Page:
Privies, Puzzles, and Pots: The Archaeology of Philadelphia Ceramics

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by Deborah Miller 

As an archaeologist I am often asked if I like to do puzzles because I am an expert at putting broken objects back together. The answer is no, I don’t like puzzles. But what I do enjoy is helping an artifact that has been in the ground—in some cases, literally in the toilet—for hundreds of years return to form and share its history. This is especially true of ceramics, not only because they are beautiful things that illustrate where we are in time, but also because, like other artifacts, they are the physical remains of the past human experience. They are a direct connection to the people who used them and to the ideas and behaviors that dictated why they were made, how they were made, and who was intended to use them. 

Most archaeologists spend their careers studying small sherds (not shards!) that represent only a fraction of the vessel from which they came. Yet, at Independence National Historical Park (INHP) in Philadelphia, where we care for almost two million archaeological artifacts, we are a bit spoiled because our artifacts are most often recovered from privies (figure 1). Privy deposits differ from most archaeological sites because, in addition to being a toilet, they were also the trash receptacles of their day. If a ceramic plate was broken, most of the pieces were swept up and discarded into the privy pit. Multiply that trash by a century or more of time, along with the many families who could have lived at that site over that timeframe, and you have a lot of trash. This practice results in a high rate of reconstruction for ceramic and glass artifacts, which, when compared to many other sites, is truly an embarrassment of riches. I was thrilled to share some of my findings with Decorative Arts Trust members during their Spring Symposium, in a lecture, a tour, and an object study.

The ceramics we encounter through archaeology at INHP span the entirety of Philadelphia’s history, from those left behind by the Lenape before the arrival of Europeans to 20th-century sanitary wares made nearby in Trenton, NJ. Most, however, date to the late-18th through the mid-19th centuries and come from all over the world. Our archaeological collections abound with Chinese porcelain; German stoneware; French, Dutch and Portuguese tin-glazed earthenware; and many, many others. The American wares, specifically those made in Philadelphia, are striking because they not only represent early American industry but are also illustrative of the cultural melting pot that was early Philadelphia.

The first potters arrived in Philadelphia in the late 17th century not long after the Province of Pennsylvania was established in 1681. By 1720, red-bodied earthenware was being produced by at least five potteries, and a pottery operated by the Duchè family made both stoneware and earthenware (figure 2). This growth progressed into the mid-18th century, when slip-decorated earthenware, now known as the Philadelphia Style, became recognized across the colonies for its quality and durability. Archaeology has demonstrated that Philadelphia slipware (figure 3) had eclipsed similar imported ceramics, specifically Staffordshire-style slipwares, by the 1740s and dominated the local marketplace. Some Philadelphia potters, including Michael Hillegas and Richard Standley, were exporting their wares as early as the 1730s to other colonies and as far afield as the West Indies.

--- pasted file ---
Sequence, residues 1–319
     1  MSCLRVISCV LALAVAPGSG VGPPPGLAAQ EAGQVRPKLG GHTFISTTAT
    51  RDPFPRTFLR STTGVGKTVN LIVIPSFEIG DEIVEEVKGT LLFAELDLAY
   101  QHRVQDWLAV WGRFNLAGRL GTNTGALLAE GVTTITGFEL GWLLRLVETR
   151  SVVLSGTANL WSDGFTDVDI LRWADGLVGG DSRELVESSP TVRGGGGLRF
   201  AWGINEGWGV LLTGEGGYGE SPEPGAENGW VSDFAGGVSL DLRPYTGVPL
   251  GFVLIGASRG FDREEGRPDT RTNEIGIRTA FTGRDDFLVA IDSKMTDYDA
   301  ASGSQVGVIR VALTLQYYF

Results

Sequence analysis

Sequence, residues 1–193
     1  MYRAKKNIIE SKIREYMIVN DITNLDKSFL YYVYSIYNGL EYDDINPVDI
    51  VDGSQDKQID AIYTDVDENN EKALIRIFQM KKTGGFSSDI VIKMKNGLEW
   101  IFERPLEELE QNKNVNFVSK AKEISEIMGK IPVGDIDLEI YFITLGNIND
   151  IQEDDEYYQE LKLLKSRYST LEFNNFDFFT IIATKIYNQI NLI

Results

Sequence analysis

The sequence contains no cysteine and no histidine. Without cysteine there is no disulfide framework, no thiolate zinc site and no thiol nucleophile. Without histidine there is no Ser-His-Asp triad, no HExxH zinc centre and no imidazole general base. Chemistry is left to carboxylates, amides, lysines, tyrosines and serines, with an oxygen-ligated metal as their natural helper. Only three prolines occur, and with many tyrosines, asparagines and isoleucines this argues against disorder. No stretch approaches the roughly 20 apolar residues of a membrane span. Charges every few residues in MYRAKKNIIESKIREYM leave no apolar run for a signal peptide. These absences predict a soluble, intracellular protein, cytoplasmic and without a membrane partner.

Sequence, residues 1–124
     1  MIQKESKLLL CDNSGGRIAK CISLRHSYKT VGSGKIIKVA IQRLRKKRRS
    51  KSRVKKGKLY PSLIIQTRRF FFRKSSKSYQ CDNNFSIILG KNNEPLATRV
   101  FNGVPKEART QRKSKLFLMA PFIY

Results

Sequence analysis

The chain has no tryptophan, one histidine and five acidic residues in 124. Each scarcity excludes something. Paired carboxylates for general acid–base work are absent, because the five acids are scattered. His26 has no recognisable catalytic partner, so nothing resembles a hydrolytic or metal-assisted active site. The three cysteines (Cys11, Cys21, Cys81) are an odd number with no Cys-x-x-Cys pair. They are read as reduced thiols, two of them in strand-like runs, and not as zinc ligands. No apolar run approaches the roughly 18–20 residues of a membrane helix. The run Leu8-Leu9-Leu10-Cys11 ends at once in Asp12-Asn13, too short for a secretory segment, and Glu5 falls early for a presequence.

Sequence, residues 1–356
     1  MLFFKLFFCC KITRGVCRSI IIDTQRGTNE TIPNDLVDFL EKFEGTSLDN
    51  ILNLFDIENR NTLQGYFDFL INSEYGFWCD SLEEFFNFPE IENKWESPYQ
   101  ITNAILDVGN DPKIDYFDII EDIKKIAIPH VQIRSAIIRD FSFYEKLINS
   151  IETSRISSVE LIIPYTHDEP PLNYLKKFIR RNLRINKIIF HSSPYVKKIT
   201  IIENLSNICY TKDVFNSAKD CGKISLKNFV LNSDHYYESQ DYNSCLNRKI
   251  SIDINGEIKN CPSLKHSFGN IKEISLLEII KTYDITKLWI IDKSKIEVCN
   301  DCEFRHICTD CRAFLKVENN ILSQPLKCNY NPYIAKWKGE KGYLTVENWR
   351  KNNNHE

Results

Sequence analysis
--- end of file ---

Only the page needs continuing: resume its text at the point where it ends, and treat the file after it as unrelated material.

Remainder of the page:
As the 18th-century progressed, so did Philadelphia’s ceramic industry. While potters still made tens of thousands of utilitarian red earthenwares each year, some also began experimenting with more refined clays and forms. Although few examples have survived above ground, archaeological examples are fairly abundant and speak to the skill, creativity, and business acumen of these potters. There are many examples of red earthenware mimicking clouded and/or tortoiseshell wares in a variety of forms from saucers to coffeepots. The red or buff colored clay body could be easily concealed beneath a white slip and various oxide glazes that bore a striking resemblance to their English counterparts when mixed.

Philadelphia’s experimentation with porcelain, however, had the most profound effect on early American ceramic manufacturing. From archaeology we now know that true, hard-paste porcelain was being made in Philadelphia just before Gousse Bonnin and George Anthony Morris established their Southwark factory in 1771. These earlier porcelains (figure 4) are virtually identical to English white salt-glazed stoneware, which makes them difficult to identify. The manufacturing source is unknown but was perhaps a joint effort between various potters, including Andrew Duchè, who returned to Philadelphia in 1769 following his porcelain-making adventures in the Carolinas. He may have had a hand in establishing the Bonnin and Morris operation, although no evidence has been found to support this theory. 

In under a century, Philadelphia went from a fledgling town with small, artisanal crafts being made to support the infant colony to a colonial manufacturing powerhouse. By the time of the American Revolution, local potteries had produced hundreds of thousands of simple yet useful wares made from the abundant clays and minerals found in Philadelphia and her immediate hinterlands. They had also introduced experimental wares in earthenware, stoneware, and porcelain that would go on to change the face of American ceramic manufacturing in the 19th century and beyond.


Deborah Miller is the Assistant Curator at Independence National Historical Park.

A print version of this article was published in The Magazine of the Decorative Arts Trust, one of our most popular member benefits. Join today!


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